Chronic Traumatic Encephalopathy and the Risk of Repeated Hits

Awareness has been growing about the potential risk of chronic traumatic encephalopathy (CTE), a chronic brain illness. CTE seems at least partly to be caused by various forms of repeated head injury. Such repeated injuries may result from military service or from contact sports, like American football.

Doctor talking with patient in exam room
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There is much that researchers still do not understand the exact causes of CTE, and the particular factors that put people most at risk. However, there is a growing consensus that even relatively low-impact injuries that initially cause relatively minor symptoms may be a source of damage.

Medical Syndromes Resulting From Head Trauma

To understand the role of repeated head injury in triggering CTE, it can be useful to distinguish different syndromes and categories of injury. These include:

  • Traumatic Brain Injury
  • Concussion
  • Post-Concussion Syndrome
  • Subconcussion (also called subconcussive injuries)
  • Chronic Traumatic Encephalopathy

These syndromes are related, and in some cases may overlap. However, they may also involve distinct physiological processes in the brain.

What Is Traumatic Brain Injury?

Traumatic brain injury (TBI) refers to a type of brain injury that occurs due to some sort of bump, blow, or other physical injury. The damage can either be done through directly touching brain tissue (as in a penetrating traumatic brain injury) or indirectly, as the brain shakes within the skull. It means the injury is due to some sort of outside force (as opposed to a medical problem like a stroke).

TBIs occur on a spectrum of severity, depending on exactly what parts of the brain are damaged and how extreme the damage is. The worst of these types of injuries can lead to permanent injury or even death. But even mild TBIs can lead to problems, both in the short-term and in the long-term. In recent years, researchers have been learning more about the long-term consequences for some people who experience repeated mild TBIs.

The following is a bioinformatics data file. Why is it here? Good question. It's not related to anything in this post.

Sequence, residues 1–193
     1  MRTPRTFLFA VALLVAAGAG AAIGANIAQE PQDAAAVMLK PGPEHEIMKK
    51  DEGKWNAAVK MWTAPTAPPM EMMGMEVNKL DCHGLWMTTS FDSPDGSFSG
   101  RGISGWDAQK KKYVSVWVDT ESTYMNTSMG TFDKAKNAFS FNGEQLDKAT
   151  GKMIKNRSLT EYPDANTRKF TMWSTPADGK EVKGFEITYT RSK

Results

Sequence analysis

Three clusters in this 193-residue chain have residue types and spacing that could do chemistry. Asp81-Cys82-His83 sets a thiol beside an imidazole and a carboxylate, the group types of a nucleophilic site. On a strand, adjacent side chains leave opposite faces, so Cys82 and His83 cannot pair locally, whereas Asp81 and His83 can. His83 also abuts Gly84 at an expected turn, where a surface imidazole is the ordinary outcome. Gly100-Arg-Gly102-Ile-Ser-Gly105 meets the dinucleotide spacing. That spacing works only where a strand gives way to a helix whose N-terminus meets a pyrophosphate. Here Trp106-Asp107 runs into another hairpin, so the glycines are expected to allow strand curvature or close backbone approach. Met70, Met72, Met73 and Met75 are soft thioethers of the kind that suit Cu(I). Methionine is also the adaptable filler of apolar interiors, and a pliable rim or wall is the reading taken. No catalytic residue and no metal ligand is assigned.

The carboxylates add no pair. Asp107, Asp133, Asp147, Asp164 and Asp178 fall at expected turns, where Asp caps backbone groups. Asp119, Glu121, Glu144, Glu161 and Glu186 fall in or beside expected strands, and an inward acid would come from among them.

Researchers are still learning a lot about what happens in the brain in the days, weeks, and months after a TBI. Though in some cases the brain may return to normal, in other cases there may be long-term changes in the brain, especially in people who are exposed to repeated injuries.

What Is a Concussion?

Concussion can be considered a mild form of TBI. Symptoms of a concussion usually appear either right after injury or within a few hours. There are no universal definitions on what a concussion is, but some possible symptoms of concussion include:

  • Headache
  • Dizziness
  • Balance disturbances
  • Disorientation
  • Drowsiness
  • Difficulty concentrating or remembering

Loss of consciousness sometimes occurs with concussion, but it is less common. Concussion is diagnosed based on a person’s symptoms and history of injury. Most of the time symptoms of concussion don’t last longer than a week to 10 days (although this may be longer in children and adolescents).

What Is Post-Concussive Syndrome?

A certain number of people who had a concussion continue to experience some sort of symptoms. Instead of going away, symptoms continue after the initial injury. These may persist for a few months and even sometimes for a year or more. This is called post-concussive syndrome. Such people may have continued symptoms from their concussion, and also may experience additional symptoms like depression and anxiety.

The diagnosis of post-concussive syndrome is a somewhat controversial—one that researchers are still trying to understand. However, it is important to understand that post-concussive syndrome is distinct from CTE. In post-concussive syndrome, symptoms of concussion persist for several weeks or more. This contrasts with CTE, in which symptoms are not apparent for several years. At this time it is not clear what the relationship is (if any) between post-concussive syndrome and future development of CTE.

What Is Subconcussion?